Trump is an entirely unique presidential candidate, but iconic meetings meshing clergy and candidates have precedence in American politics. Democrat Grover Cleveland likely won the close 1884 election after his GOP opponent James Blaine hosted a New York clergy gathering where the opening prayer, led by a last-minute unknown pastor, slammed Democrats as the party of “rum, Romanism and rebellion.” A Democratic operative in the room dutifully publicized the anti-Catholic barb, which Blaine, whose sister was a Catholic nun, lacked time to counter.

Catholicism was again an issue in the 1960 campaign, when famed New York “power of positive thinking” pastor Norman Vincent Peale helped host a secret confab of Protestant clergy in Washington, DC to organize against Catholic Democrat candidate JFK. A Washington Post reporter sneaked into an adjoining sound box and reported the proceedings, embarrassing Peale into political silence, shutting down the plot, and ultimately neutralizing organized Protestant opposition to JFK. (Coincidentally young Trump, who still lauds Peale, and his parents attended Peale’s church.)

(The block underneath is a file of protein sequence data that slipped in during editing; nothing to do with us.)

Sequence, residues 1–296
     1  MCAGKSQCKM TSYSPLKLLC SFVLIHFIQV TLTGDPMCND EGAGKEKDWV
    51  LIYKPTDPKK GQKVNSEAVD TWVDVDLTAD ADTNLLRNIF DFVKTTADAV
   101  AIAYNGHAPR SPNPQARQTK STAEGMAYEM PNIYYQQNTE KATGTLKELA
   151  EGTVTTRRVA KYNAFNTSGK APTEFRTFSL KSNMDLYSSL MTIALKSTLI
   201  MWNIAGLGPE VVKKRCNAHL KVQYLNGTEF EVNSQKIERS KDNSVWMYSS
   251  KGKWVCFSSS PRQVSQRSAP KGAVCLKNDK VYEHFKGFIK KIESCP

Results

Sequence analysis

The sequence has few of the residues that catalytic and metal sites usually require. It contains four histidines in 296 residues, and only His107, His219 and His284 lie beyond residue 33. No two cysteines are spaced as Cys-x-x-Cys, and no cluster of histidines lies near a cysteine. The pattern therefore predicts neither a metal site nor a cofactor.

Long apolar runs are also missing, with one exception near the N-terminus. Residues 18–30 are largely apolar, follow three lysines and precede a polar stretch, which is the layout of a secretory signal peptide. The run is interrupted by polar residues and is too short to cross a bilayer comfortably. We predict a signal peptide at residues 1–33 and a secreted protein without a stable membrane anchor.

JFK himself neutralized religion as a political weapon against him during the 1960 presidential campaign by addressing a Houston clergy association, where he pledged that his Roman Catholicism would not impinge on his constitutional duties as president.

An equally momentous gathering of clergy and religious activists with a presidential candidate occurred in Dallas in 1980 when Republican nominee Ronald Reagan addressed thousands of conservative Evangelicals led by figures like the elder Falwell and Pat Robertson, among others. “I know you can’t endorse me … but I want you to know that I endorse you and what you are doing,” Reagan famously told them. It was a tectonic moment for Evangelical activism, with many formerly Democratic church goers, many of whom had supported “born again” Jimmy Carter, shifting Republican, where they have largely remained for 36 years.